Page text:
52 Thames Street Exterior Before & After
Newport, Rhode Island, is a city with a rich history dating back to its founding in 1639. It is home to some of the finest examples of Colonial Era architecture in the United States. However, many of historic houses have been lost over the years to demolition, neglect, and natural disasters. How were some houses preserved and others lost? It is a story that involves many twists and turns.
The first Colonial Era houses in Newport were built by English settlers in the early 1600s. These homes were typically small, simple, and functional. Over time, however, as the community thrived in its well-protected harbor just off the Atlantic Ocean, some of the more prosperous settlers built larger and more elaborate homes. These homes tended to be more long-lasting. The oldest surviving Colonial Era house in Newport is currently believed to be the Wanton-Lyman-Hazard House, which was built in 1675.
Newport’s maritime prosperity in the 18th century led to a boom in construction, and many new Colonial Era houses were built during this time. These homes were often larger and more ornate than the earlier houses, and they reflected the wealth and status of their owners. Some of the most notable Colonial Era structures in Newport include the Old Colony House (1739), the Hunter House (1748), the White Horse Tavern (1750), and the Brick Market (1762).
The American Revolution had a significant impact on Newport. The city was occupied by British troops for several years, and many homes were damaged or destroyed during the war. After the war, Newport’s maritime trade declined, and the city experienced a period of economic hardship. As a result, many Colonial Era houses were abandoned or neglected.
However, in the late 19th century, Newport began to attract wealthy tourists and summer residents. These new visitors were drawn to the city’s beautiful scenery and its historic homes. Many of the Colonial Era houses were restored and renovated during this time.
In the early 20th century, Newport became known as the “Summer Capital of the Gilded Age.” The city’s wealthy residents built lavish mansions, which came to be known as the “Newport Mansions.” The construction of these mansions led to the demolition of some Colonial Era houses. However, many other Colonial Era houses were preserved and restored during this time as the economic tide of the “City by the Sea” rose again.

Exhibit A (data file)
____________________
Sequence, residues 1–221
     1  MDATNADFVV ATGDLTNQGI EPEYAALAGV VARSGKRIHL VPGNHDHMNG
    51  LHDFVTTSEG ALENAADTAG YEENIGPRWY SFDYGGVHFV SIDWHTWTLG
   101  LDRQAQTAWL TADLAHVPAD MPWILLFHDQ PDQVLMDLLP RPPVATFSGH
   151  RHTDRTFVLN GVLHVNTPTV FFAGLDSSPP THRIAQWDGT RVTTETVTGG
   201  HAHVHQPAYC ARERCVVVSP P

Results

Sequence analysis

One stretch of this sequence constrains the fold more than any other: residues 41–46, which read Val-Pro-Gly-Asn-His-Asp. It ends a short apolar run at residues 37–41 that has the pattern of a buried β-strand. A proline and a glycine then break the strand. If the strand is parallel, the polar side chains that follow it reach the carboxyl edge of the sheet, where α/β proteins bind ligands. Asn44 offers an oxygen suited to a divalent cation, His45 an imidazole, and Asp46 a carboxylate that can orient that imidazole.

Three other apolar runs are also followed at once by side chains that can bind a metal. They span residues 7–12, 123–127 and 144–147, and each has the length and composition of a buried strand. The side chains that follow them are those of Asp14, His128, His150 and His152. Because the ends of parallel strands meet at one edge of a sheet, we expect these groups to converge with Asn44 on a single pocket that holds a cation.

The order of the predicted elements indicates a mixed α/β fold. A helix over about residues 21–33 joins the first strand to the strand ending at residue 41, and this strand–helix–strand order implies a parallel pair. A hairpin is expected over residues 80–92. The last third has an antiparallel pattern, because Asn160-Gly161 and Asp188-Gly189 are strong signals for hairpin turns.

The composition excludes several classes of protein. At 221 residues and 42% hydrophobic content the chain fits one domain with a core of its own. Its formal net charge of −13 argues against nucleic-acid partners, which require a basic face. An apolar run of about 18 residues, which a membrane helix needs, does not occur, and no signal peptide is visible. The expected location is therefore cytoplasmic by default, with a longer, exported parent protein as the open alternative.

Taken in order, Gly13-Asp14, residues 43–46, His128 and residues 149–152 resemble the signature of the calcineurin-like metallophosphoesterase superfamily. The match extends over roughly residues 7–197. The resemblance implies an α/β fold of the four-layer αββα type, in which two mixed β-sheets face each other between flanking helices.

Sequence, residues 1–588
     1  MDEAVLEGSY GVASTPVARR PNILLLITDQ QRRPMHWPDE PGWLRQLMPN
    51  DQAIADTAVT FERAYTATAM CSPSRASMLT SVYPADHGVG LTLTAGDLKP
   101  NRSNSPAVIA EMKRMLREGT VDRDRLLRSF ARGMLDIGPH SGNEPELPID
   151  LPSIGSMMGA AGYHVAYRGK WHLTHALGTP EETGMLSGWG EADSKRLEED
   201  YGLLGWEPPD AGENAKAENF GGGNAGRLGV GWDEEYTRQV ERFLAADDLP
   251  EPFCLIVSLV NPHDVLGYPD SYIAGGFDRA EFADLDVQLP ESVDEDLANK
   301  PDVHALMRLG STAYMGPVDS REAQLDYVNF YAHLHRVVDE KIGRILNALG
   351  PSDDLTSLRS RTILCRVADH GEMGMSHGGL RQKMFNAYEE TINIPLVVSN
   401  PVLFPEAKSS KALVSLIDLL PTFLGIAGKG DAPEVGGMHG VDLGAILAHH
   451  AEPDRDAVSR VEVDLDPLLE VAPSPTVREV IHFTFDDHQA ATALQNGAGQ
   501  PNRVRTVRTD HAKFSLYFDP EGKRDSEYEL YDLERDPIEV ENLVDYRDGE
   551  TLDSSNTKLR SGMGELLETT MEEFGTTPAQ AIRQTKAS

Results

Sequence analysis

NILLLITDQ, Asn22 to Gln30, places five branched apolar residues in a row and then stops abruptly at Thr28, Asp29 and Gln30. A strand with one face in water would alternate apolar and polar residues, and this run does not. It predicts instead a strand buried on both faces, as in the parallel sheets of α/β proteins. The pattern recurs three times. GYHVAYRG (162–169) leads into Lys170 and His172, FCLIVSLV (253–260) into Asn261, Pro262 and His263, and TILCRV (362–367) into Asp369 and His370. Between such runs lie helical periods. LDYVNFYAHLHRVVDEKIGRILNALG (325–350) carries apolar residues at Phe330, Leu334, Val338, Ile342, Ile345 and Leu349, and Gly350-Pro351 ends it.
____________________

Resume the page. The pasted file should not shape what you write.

In the mid-20th century, Newport again experienced a decline in tourism. As a result, many Colonial Era houses were once again neglected. In the 1970s, the construction of America’s Cup Boulevard led to the destruction of many noteworthy and beautiful Colonial Era structures. However, the presence and wealth of Doris Duke was a countervailing force and the Newport Preservation Foundation (which she funded) bought, restored, and rented more than 70 Colonial homes. That effort helped bring a renewed interest in historic preservation to Newport, and many hundreds of Colonial Era houses were restored and saved from demolition.
Today, Newport is home to over 300 surviving Colonial Era houses. These houses are a testament to the city’s rich history and its unique architecture. Many of these houses are open to the public, and visitors can learn about the city’s past and see how people lived in the Colonial Era. Others, like 52 & 56 Thames Street (built 1740) have been bought by preservation-minded property owners who want to restore these old structures by making them economically viable. A4 Architecture has been pleased to help such owners undertake these challenging and expensive renovations.
Despite the efforts of preservationists, some Colonial Era houses have been lost in recent years. If these structures are not made economically functional, they often suffer neglect and slow deterioration, until they are too far lost to be preserved. The destruction of Colonial Era houses is a loss for the community and for the nation. These houses are a valuable part of our cultural heritage, and they provide us with a glimpse into the past. It is important to preserve these historic homes for future generations to enjoy, and the best way to do that is to make them economically viable. Often people who fight the update of these houses believe that they are preserving them but are, in fact, leading to their long-term demise. At A4 Architecture we are pleased to bring our knowledge, skill, and experience to the task of updating these structures so that they meet current insulation and building codes so that they can be used for hopefully many centuries to come.
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Ross Sinclair Cann (AIA, LEED AP) is an historian, educator, author, and practicing architect living and working in Newport for A4 Architecture. He is the founding Chairman of the Newport Architectural Forum and holds honors degrees in Architectural History and Design from Yale, Cambridge, and Columbia Universities.